The threat of retail development schemes to smaller retailers

This year Coventry is set to have a number of large scale retail development schemes – including the £50 million redevelopment of Bishop Street in the city centre.

This could mean small and medium size enterprises (SMEs) are at greater risk of losing out on business. Business recovery specialists Cranfield are highlighting the threat this poses to city centre businesses already feeling the effects of the recession and the continuing rise in consumers purchasing online.

The Bishop Street regeneration programme alone includes proposals for a superstore of 125,000 feet, car parking facilities for 585 vehicles, a gym and leisure facility, pedestrian boulevards, special vehicle access from surrounding roads and a link to the canal basin – all features that can take business away from smaller retailers and direct it instead to the new retail hub. With the influx of supermarket superstores in major city suburbs like Cheylesmore and Stoke it can be easy for smaller chains to be forgotten by the general shopping public.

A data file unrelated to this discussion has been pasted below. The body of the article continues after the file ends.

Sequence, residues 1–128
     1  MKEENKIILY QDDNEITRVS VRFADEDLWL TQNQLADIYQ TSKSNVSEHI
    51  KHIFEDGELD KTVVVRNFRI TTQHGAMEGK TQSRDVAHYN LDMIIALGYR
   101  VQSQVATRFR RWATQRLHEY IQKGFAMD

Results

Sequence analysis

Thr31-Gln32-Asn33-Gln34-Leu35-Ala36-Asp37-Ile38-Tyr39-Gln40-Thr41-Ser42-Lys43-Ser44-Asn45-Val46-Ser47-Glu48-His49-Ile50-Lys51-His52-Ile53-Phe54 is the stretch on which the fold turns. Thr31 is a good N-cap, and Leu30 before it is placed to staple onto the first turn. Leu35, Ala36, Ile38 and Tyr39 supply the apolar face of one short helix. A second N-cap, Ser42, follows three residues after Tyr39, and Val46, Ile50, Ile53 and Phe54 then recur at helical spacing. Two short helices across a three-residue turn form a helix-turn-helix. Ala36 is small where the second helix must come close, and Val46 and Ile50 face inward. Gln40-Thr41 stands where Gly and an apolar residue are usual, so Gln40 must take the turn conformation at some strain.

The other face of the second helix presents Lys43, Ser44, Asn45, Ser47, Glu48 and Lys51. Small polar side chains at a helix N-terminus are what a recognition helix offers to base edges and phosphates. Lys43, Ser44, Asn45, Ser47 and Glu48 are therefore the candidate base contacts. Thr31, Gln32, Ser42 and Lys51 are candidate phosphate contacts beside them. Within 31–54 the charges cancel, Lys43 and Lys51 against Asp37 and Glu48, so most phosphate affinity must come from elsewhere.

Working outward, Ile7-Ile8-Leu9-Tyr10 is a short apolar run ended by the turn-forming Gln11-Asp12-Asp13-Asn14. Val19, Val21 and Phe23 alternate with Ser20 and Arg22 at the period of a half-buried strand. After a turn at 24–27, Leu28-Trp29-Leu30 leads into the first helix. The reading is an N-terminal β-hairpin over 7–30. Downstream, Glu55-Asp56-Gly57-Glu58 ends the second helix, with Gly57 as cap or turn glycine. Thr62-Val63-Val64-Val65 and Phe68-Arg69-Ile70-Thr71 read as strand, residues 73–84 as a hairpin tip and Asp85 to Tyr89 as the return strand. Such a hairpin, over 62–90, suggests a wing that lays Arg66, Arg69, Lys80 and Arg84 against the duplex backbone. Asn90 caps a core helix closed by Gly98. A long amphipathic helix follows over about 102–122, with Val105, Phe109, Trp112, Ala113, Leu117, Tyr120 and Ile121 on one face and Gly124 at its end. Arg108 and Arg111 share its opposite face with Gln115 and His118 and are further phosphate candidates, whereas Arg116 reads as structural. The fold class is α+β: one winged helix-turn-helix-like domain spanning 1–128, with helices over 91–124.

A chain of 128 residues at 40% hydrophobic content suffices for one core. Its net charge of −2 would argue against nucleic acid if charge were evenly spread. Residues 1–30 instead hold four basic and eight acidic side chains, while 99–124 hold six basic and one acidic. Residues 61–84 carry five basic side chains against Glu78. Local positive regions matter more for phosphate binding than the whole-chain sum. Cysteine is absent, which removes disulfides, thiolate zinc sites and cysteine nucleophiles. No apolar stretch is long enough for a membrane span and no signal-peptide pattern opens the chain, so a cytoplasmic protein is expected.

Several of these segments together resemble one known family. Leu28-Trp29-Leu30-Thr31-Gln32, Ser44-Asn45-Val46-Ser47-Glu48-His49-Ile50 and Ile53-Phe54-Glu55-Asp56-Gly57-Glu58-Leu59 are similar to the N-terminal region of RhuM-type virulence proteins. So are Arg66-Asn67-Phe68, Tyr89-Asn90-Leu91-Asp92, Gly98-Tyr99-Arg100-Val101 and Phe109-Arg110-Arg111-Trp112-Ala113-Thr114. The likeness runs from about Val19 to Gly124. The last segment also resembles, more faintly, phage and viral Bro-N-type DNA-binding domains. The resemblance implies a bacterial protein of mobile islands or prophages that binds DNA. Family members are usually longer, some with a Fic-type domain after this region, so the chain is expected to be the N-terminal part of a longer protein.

It is not just small businesses that are at risk as the retail sector in general has been hit the hardest by the economic downturn, with many large high street companies such as Peacocks, Bonmarche, Hawkins Bazaar, Pumpkin Patch,  Blacks Leisure and La Senza having already gone into administration.

With this is mind, Cranfield are advising companies to seek professional advice as the need is greater than ever for smaller traders to be aware of the signs of distress.  There are some key indicators specific to the retail sector such as reduced footfall, decreasing spend per customer or reduction in the number of units sold per transaction.  This all leads to pressure upon the Profit margin with  discounts and sales almost becoming the norm, all of which lead to cash flow difficulties.

Tony Mitchell, managing director of Cranfield Business Recovery, said, “As a result of these retail development schemes and the focus being taken away from the traditional high street, coupled with the difficult economic trading conditions, we are seeing an increase in the number of independent retailers seeking advice.” 

The pressures from all sides on retailers of all sizes does not seem to be abating and unless smaller retailers adapt to changing markets and keep a tight control on their businesses, they are likely to join the high street brands we have lost recently.  We advocate taking action as soon as retailers see any signs of distress. ”